Some excellent books worth recommending

I feel like I have hit the literary jackpot these past few months. I have been picking up awesome book after awesome book; staying up late to finish one while reading another during my lunch break while listening to another every time I get in my car. The following books come highly recommended:

Daughter of Smoke & Bone by Laini Taylor takes place in Prague…and Elsewhere, a beautifully-crafted world where angels and devils (beasts) are fighting for control. Young, parent-less Karou has no idea she belongs to that other world until her current one begins dissolving from beneath her feet. Will she learn enough about herself in time to get her old life back?

Her interactions with the beings in both worlds are realistic and haunting. Love, hate, and deception are key themes throughout the book. You absolutely must visit the book’s website and explore the stunning illustrations and descriptions of the characters and Elsewhere. I recommend this book to anyone who enjoys exploring fantasy worlds and Romeo and Juliet-style relationships.

**A special thanks to Amy from ReadingTeen.net who let me borrow her copy of the book before its October publication date. Her review of the book is much more passionate and comprehensive than mine.

Purple Heart by Patricia McCormick is the story of Matt, a teenaged Soldier in the Iraq war. He wakes up in the hospital but with no recollection of how he got there. Snippets of the fire fight that caused the accident slowly come back to him, but he doesn’t want to believe what he remembers.

This powerful story of 2 teenagers and one child is set in today’s war, but, changing some terminology and location, could be set in any war in US history. The times have changed, but so much about the psychological and physical repercussions of war has not. McCormick perfectly illustrates the stark contrast between relationships of soldiers, both with the folks at home and the buddies fighting alongside them. I recommend this book to everyone.

I was honored to spend the day with Patricia McCormick when she visited Loudoun County as the author of our 1Book1Community title, which I blogged about here. In one day she met with teens at the county’s alternative school and the juvenile detention center. She fielded their questions with grace and honesty, and really engaged them. I will forever be a big fan of hers.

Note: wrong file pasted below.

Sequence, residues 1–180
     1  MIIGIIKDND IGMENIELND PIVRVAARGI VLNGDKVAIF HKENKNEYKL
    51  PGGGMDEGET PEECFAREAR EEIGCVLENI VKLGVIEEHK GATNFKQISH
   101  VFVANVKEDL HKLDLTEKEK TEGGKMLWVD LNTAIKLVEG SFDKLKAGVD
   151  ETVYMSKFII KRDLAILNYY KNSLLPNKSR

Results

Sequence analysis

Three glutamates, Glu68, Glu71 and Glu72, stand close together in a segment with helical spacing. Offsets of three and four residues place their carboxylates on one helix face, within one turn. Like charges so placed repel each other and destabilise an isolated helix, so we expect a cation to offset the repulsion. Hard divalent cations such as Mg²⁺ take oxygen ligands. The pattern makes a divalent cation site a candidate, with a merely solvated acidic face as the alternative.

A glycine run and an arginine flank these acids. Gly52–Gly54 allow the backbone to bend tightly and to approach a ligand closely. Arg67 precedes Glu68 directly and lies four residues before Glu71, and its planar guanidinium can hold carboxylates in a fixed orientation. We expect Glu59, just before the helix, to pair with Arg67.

Blackout by Connie Willis is a history major’s dream novel. The book follows half a dozen contemporary (year 2060) historians who time-travel to major historical events in order to get a better idea of the reality of the time, event, people, etc. One historian’s mission is to observe acts of heroism in every-day folks during WWII. Another’s is to study the children voluntarily orphaned when parents were advised to evacuate their children during the Blitz.

The novel is peppered with astonishing true facts that were deemed by historians not crucial to the story, when in fact they are what humanize such major events. The people escaping the bombings in the underground tube stations who put on plays to entertain their peers. The caretakers of orphans who put their own families on hold to ensure the safety and well-being of their charges. These are incredible stories that I am sad to say I never knew before. I recommend this book to history lovers. The dialogue languishes at times and many internal thoughts are repeated, making the book an unnecessary 500 pages. But if you pride yourself on slogging through the not-fabulous parts to reap the benefits of the entire thing, this is the book for you. A sequel Fallout picks up right where Blackout leaves off.

There will be more. 🙂

NOLA/ALA Overview, part 1.

I toured, I tweeted, I learned, I networked, I got autographs, I worked on a Katrina victim’s house…all in a week. ALA Annual Conference in New Orleans was a wonderful learning experience (i.e. I can eat 3,000 calories a day for a week and not have a heart-attack) that has re-energized me for my work in libraries and specifically with young adults.